Tuesday, May 15, 2007

Frank Rich explains why I can't keep up with Bush Administration malfeasance

Frank Rich, who writes a Sunday op ed column for the New York Times, writes from a perspective that involves taking a step or two back so he can view the “bigger picture.”

In my March 19 post, I excerpted from Rich’s op ed, The Ides of March 2003, a chronology “of some of the high points and low points in the days leading up to the national train wreck whose anniversary we mourn this week.”

This past Sunday, Rich’s column, Earth to G.O.P: The Gipper is Dead (subscription required but reposted here) cleared up why I’m having such a hard time saving, reading, and trying to write about what the Bush Administration is doing.

The focus of the article was the first Republican presidential debate and the prospects for any Republican Presidential candidate in 2008. According to Rich, “Aside from tax cuts and a wall on the Mexican border, the only issue that energized the presidential contenders was Ronald Reagan.”

Rich then takes a step back and looks at the Bush Administration through a telephoto lens: “… it could be argued that the Iraq fiasco, disastrous to American interests as it is, actually masks the magnitude of the destruction this presidency has visited both on the country in general and the G.O.P. in particular.

“By my rough, conservative calculation — feel free to add — there have been corruption, incompetence, and contracting or cronyism scandals in these cabinet departments: Defense, Education, Justice, Interior, Homeland Security, Veterans Affairs, Health and Human Services, and Housing and Urban Development. I am not counting State, whose deputy secretary, a champion of abstinence-based international AIDS funding, resigned last month in a prostitution scandal, or the General Services Administration, now being investigated for possibly steering federal favors to Republican Congressional candidates in 2006. Or the Office of Management and Budget, whose chief procurement officer was sentenced to prison in the Abramoff fallout. I will, however, toss in a figure that reveals the sheer depth of the overall malfeasance: no fewer than four inspectors general, the official watchdogs charged with investigating improprieties in each department, are themselves under investigation simultaneously — an all-time record.”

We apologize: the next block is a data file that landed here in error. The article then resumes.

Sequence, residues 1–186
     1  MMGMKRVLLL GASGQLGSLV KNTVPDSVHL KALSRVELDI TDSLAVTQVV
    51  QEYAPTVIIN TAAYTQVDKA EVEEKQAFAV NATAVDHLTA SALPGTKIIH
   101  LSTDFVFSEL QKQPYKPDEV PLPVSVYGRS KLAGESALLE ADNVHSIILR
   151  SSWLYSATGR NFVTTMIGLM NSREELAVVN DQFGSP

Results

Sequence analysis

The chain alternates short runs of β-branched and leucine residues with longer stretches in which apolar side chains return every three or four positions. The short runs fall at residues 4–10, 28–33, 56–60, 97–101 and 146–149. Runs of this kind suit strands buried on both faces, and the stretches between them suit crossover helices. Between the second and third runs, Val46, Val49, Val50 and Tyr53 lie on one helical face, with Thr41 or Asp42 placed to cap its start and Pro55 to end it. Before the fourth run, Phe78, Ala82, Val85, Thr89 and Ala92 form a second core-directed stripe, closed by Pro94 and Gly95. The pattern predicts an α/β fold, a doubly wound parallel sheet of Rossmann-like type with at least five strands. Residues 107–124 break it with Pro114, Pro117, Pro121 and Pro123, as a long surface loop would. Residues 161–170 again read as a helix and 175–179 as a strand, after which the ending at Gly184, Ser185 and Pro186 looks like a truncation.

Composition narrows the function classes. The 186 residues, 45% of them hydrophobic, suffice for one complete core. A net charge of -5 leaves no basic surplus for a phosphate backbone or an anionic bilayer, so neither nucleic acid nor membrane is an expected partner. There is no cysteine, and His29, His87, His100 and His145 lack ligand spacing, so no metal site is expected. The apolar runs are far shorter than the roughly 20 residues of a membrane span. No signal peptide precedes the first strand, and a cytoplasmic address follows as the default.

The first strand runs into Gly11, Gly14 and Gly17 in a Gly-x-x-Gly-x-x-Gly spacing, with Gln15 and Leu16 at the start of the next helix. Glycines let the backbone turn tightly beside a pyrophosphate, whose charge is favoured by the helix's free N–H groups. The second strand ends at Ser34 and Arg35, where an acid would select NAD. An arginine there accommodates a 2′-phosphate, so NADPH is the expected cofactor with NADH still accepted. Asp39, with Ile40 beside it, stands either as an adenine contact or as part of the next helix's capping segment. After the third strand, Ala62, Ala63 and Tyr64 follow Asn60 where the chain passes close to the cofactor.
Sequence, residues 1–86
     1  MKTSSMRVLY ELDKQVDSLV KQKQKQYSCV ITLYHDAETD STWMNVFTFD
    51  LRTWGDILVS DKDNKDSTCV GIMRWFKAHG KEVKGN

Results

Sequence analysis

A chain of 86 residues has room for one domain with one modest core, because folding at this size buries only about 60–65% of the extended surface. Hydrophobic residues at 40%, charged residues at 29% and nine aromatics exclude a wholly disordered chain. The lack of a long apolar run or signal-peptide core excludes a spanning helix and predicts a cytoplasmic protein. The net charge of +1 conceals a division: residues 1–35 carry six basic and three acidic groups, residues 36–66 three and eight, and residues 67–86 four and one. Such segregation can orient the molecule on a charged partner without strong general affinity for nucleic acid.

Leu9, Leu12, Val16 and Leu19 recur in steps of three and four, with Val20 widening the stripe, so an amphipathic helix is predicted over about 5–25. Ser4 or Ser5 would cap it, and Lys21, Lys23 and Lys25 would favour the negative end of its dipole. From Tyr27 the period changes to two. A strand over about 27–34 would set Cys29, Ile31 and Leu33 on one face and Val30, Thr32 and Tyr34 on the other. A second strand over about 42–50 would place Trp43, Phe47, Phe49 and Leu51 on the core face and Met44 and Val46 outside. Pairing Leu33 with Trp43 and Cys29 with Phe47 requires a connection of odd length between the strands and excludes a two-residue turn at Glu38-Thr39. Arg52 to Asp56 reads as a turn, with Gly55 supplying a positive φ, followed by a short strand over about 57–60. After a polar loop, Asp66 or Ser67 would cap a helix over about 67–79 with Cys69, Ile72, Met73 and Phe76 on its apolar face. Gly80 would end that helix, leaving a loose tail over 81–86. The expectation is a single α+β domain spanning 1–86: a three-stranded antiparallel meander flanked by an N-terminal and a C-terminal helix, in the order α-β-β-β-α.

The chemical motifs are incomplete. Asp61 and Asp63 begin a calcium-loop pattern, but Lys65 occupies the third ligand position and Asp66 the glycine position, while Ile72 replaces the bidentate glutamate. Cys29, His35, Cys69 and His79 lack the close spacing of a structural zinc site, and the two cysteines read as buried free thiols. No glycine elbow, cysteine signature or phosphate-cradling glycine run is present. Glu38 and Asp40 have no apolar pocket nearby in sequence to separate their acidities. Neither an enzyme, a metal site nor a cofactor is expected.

No wonder I’m having a hard time keeping up!

(photo of Frank Rich – ColbertNation.com)

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